The first world badminton championships got underway in Bangkok on Saturday (4 November). Seventy-three leading?
GV National Gymnasium One, Bangkok, players on four badminton courts.
SV Tarig Wadood (Pakistan) at far end, winning two points from Moez Alibhai (Kenya).
CU World Badminton Federation Deputy-President Chu Tse (left), and honourary President Henry Fok watching.
CU Nigerian players watching.
SV Samson Egbeyeni of Nigeria (nearest) serving to Bandid Jaiyen of Thailand and loses point after long rally.
SV Spectators applauding.
LV Game in progress between Han Tsien of China (nearest) and Ranil Wijesekera of Sri Lanaka.
CU Han playing.
SV Federation President, Marshal Dawee Chullasapya; African Badminton Federation President, R.W.W. Kente; and Asian Badminton Confederation President, General Chumpol Lohachala watching.
SV Crowd watching.
SV Women's singles match in progress between Tay Hoe See of Singapore (nearest) and Grace Edwards of Nigeria.
GV Games in progress.
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Background: The first world badminton championships got underway in Bangkok on Saturday (4 November). Seventy-three leading players from seventeen countries were taking part. The four-day tournament began with twenty-one men's and six women's singles matches on the opening day.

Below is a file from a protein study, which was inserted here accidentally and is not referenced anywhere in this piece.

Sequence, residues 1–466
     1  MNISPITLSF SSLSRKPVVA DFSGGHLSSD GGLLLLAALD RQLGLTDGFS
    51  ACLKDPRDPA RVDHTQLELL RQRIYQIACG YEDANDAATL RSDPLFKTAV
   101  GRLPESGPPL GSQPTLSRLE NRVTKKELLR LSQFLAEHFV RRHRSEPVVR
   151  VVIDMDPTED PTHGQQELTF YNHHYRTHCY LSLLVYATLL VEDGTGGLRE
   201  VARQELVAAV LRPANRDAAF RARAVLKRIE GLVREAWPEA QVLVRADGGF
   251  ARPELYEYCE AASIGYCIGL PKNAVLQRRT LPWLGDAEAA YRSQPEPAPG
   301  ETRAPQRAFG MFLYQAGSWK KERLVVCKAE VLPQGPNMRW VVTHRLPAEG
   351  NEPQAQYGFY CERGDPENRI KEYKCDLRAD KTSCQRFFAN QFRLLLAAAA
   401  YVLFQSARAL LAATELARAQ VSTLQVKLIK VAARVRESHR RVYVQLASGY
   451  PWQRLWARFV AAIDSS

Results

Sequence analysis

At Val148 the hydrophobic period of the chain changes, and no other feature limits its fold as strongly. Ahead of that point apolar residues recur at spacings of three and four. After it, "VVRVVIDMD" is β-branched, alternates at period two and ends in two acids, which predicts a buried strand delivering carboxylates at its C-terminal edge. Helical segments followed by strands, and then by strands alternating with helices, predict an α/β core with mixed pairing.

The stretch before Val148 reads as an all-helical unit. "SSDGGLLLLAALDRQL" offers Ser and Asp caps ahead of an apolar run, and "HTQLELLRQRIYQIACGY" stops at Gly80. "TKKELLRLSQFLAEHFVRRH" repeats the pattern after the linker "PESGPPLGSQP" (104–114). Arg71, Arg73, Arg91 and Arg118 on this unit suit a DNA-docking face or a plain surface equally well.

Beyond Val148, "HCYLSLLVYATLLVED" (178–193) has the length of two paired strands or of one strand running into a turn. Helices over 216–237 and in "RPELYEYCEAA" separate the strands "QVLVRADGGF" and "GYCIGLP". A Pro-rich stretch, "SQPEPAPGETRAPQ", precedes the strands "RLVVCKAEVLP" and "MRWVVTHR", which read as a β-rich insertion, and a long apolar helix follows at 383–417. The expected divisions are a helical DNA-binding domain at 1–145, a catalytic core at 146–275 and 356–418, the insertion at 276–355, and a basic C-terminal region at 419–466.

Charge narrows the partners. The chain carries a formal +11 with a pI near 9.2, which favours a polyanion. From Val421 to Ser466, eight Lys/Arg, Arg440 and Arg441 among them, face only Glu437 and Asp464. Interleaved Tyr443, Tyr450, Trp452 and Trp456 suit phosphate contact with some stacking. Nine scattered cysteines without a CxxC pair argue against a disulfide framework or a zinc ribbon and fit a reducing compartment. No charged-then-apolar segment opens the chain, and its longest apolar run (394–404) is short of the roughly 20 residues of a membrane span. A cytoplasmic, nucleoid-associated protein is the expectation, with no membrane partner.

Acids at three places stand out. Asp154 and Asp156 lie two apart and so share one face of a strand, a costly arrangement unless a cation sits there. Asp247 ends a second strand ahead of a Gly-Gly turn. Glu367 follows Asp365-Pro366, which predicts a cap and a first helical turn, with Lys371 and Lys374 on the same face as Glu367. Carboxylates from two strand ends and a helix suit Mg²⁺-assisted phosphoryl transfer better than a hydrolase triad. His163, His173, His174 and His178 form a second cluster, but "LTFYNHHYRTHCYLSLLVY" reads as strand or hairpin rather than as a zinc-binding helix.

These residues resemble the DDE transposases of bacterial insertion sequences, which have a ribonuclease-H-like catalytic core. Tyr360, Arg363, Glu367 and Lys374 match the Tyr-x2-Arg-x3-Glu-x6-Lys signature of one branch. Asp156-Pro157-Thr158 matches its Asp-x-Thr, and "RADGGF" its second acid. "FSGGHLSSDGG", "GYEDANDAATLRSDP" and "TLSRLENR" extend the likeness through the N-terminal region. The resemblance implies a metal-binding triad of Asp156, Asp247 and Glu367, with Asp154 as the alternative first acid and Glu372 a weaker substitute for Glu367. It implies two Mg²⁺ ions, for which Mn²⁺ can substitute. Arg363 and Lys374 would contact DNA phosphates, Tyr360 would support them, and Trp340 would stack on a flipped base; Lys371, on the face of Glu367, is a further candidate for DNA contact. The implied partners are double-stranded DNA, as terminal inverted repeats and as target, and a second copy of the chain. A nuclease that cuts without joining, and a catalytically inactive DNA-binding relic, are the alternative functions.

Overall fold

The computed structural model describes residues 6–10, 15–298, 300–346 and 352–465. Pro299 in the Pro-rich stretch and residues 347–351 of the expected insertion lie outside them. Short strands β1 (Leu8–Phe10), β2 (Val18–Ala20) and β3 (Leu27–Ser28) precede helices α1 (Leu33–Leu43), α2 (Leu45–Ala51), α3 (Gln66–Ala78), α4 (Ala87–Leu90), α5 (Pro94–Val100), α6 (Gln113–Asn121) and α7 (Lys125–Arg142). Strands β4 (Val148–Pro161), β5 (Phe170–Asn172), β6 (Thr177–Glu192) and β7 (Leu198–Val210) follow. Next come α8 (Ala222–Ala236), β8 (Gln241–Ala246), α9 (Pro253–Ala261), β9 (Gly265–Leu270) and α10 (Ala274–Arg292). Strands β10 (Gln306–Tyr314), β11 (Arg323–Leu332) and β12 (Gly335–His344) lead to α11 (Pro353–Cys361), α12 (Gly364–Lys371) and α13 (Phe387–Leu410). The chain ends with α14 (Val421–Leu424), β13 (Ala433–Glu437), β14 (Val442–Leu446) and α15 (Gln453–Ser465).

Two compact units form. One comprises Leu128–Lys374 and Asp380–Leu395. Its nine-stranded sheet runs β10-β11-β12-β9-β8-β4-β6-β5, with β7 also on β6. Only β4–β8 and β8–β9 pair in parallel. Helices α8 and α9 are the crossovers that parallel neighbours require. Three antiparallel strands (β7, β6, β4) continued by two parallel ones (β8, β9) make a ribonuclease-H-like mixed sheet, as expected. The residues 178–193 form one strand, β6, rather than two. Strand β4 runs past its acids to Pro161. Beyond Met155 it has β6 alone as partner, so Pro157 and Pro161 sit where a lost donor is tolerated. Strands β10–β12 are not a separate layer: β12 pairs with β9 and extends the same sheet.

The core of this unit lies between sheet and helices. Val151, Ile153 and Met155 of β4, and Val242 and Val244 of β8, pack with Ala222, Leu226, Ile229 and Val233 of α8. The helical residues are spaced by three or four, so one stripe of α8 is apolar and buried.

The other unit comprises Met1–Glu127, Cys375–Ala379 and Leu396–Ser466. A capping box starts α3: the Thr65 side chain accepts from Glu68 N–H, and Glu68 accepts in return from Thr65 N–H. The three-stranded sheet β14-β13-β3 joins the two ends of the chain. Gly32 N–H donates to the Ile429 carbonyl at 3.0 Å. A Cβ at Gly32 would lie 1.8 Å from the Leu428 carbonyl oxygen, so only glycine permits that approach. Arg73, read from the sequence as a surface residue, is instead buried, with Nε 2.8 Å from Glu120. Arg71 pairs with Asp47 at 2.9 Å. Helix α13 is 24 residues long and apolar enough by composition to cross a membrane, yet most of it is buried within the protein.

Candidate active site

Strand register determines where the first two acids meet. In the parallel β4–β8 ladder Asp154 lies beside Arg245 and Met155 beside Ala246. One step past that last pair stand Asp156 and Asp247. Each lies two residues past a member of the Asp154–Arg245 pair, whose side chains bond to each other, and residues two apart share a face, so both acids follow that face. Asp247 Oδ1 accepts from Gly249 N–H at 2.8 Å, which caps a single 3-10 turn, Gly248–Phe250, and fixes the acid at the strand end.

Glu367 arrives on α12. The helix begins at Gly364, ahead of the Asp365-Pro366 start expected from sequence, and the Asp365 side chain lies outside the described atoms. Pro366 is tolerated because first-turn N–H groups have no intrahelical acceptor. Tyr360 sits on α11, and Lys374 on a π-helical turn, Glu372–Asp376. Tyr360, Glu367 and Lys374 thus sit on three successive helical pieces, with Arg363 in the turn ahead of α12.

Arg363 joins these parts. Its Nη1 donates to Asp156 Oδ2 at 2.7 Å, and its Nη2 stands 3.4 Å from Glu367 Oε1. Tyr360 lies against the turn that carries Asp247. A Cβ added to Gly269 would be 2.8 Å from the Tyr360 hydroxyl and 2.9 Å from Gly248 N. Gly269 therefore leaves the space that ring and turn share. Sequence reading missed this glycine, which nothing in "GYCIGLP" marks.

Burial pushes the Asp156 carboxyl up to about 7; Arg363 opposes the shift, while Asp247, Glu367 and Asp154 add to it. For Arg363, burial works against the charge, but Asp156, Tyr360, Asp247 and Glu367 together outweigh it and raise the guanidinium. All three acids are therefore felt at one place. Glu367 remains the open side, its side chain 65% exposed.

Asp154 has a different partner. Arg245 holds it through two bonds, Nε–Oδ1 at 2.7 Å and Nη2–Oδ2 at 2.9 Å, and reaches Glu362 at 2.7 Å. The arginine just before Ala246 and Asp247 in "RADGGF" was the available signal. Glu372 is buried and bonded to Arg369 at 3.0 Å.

SYNOPSIS: The twenty-seven matches were played on four courts, starting with a men's singles. The world federation, founded in Hong Kong last February, aims to lift standards and get more people playing the sport. In this game, Pakistan's Tarig Wadood, on the far court, is scoring two points against Moez Alibhai of Kenya. Wadood went on to win the match.
Leading officials of the federation watched with interest, and members of the Nigerian team were plugging for their compatriot, Samson Egbeyeni, in the nearer court. Egbeyeni was Nigeria's top singles player four years in a row, but found Bandid Jaiyen of Thailand too much to cope wit here. Bandid comfortably disposed of him fifteen-two, fifteen-two, although he was seeded only one place above Egbeyeni.
Han Tsien, in the nearest court, is considered the second-best of three Chinese players taking part in the tournament. He had too many shots for his first-round opponent, Ranil Wijesekera of Sri Lanka.
Spectators enjoyed a women's singles match between the number seven seed, Tay Hoe See, of Singapore, in the nearest court, and seventh seed, Grace Edwards of Nigeria. Miss Edwards used her strength and courtcraft well to win eleven-two, eleven-four, eleven-one. The tournament was to end on the eighth on November.